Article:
The second derivative test is a systematic method we use to determine the nature of critical points—maximum, minimum, or neither—of a function.

This technique allows us to better understand a curve without having to construct a graph. It’s particularly useful in optimization problems, where we want to find the maximum or minimum value of a function that is subject to certain constraints.

Here is the definition of the second derivative test:

Let $f”$ exist on some open interval containing $c$ and let $f’(c) = 0$.

If $f”(c) > 0$, then $f(c)$ is a relative minimum.

If f”(c) < 0, then f(c) is a relative maximum.

If $f”(c) = 0$ or $f’’(c)$ does not exist, then the test is inconclusive and other methods must be used.

5 Steps to Using the Second Derivative Test

The first derivative of a function tells us when the function is increasing, decreasing, or constant. What does the second derivative tell you?

The second derivative of a function helps us to understand the shape of the curve, known as concavity. A curve’s intervals can be concave up, concave down, or have no concavity. The criteria for increasing/decreasing intervals and concave up/concave down intervals are given below:

If $f$ is a differentiable function on the interval $I$ with derivatives $f’$, then:

If $f’(x) > 0$ for each $x$ on $I$, then $f$ is increasing on $I$.

If f’(x) < 0 for each x on I, then f is decreasing on I.

If $f’(x) = 0$ for each $x$ on $I$, then $f$ is constant on $I$.

If $f$ is a differentiable function on the interval $I$ with derivatives $f’$ and $f’”$, then:

If $f”(x) > 0$ for each $x$ on $I$, then $f$ is concave up on $I$.

If f”(x) < 0 for each x on I, then f is concave down on I.

If $f”(x) = 0$ for each $x$ on $I$, then $f$ has no concavity.

These concepts are graphed below. Notice that there is a local minimum at $x$ when $f’(x) = 0$ and $f$ is concave up. There is a local maximum at $x$ when $f’(x) = 0$ and $f$ is concave down. This is a good way to visualize the second derivative test.

Here are the five steps to using the second derivative test. This involves learning how to find the second derivative and understanding how to identify critical points.

Step 1

Take the first derivative of the function.

Step 2

Find the critical points of the function where the first derivative is zero. The critical points where $f’(x) = 0$ are also called stationary points. To find the stationary points, set the first derivative equal to zero and solve for $x$.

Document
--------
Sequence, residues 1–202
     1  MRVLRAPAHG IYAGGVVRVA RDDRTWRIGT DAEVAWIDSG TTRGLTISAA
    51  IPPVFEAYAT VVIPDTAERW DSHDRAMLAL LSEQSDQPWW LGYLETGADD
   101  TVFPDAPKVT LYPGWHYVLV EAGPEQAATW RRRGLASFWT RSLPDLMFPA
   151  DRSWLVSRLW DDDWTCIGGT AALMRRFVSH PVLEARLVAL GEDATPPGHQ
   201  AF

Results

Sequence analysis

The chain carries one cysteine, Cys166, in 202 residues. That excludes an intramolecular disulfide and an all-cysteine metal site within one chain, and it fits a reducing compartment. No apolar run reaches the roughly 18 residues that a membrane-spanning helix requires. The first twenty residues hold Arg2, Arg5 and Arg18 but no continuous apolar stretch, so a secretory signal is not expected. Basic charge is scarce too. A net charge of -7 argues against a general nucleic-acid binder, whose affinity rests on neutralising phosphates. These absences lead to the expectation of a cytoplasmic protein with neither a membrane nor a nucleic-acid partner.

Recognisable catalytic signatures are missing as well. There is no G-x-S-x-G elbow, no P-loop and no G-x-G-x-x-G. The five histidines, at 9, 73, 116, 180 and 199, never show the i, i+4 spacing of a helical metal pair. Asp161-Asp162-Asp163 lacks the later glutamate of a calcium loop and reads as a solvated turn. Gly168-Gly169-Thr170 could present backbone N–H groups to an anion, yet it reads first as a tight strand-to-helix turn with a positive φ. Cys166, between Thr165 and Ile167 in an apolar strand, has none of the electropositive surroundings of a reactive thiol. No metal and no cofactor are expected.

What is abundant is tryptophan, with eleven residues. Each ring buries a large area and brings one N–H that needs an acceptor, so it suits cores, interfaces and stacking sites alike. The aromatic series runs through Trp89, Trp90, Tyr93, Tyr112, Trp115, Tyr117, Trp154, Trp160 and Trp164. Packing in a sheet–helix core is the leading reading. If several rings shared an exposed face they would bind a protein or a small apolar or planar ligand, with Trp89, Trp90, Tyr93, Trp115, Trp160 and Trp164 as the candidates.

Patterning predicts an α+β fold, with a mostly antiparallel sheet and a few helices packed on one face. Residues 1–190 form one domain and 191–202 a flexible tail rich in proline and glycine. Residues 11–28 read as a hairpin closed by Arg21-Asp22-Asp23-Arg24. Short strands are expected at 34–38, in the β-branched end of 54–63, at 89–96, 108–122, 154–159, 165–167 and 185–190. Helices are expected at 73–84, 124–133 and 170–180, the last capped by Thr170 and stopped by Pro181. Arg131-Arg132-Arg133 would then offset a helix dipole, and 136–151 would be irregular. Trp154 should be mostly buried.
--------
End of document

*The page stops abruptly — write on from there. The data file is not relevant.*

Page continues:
Step 3

Take the second derivative of the function. To do this, take the derivative of the first derivative.

Step 4

For each stationary point $x$, plug $x$ into the second derivative function, and interpret the results.

If $f"(x)$ is positive, then the function has a relative minimum at $x$.

If $f"(x)$ is negative, then the function has a relative maximum at $x$.

If $f"(x)$ is zero or non-existent at $x$, then the test is inconclusive.

When the second derivative test fails, other methods must be used to determine if there is local extrema at the critical point, such as the first derivative test.

Step 5

If desired, verify your results by graphing or using the first derivative test.

Let’s elaborate a bit more on critical points. In calculus, critical points are points on a function where the first derivative is zero or undefined. They are important because they help us to find relative extrema—local minima and local maxima.

If we think about this concept graphically, critical points are points where the slope of the tangent line to the graph of the function is either zero or undefined. At a local maximum or minimum, the tangent line is horizontal, so the slope equals zero.

To find the critical points of a function, we can take the derivative of the function and solve for the values of $x$ where the derivative is zero or undefined. These critical numbers can then be further analyzed using the second derivative test to determine whether they correspond to maxima, minima, or points of inflection.

Keep in mind that critical points and inflection points are separate concepts. The points where a function changes concavity are called inflection points. These points occur where $f”(x)$ changes sign.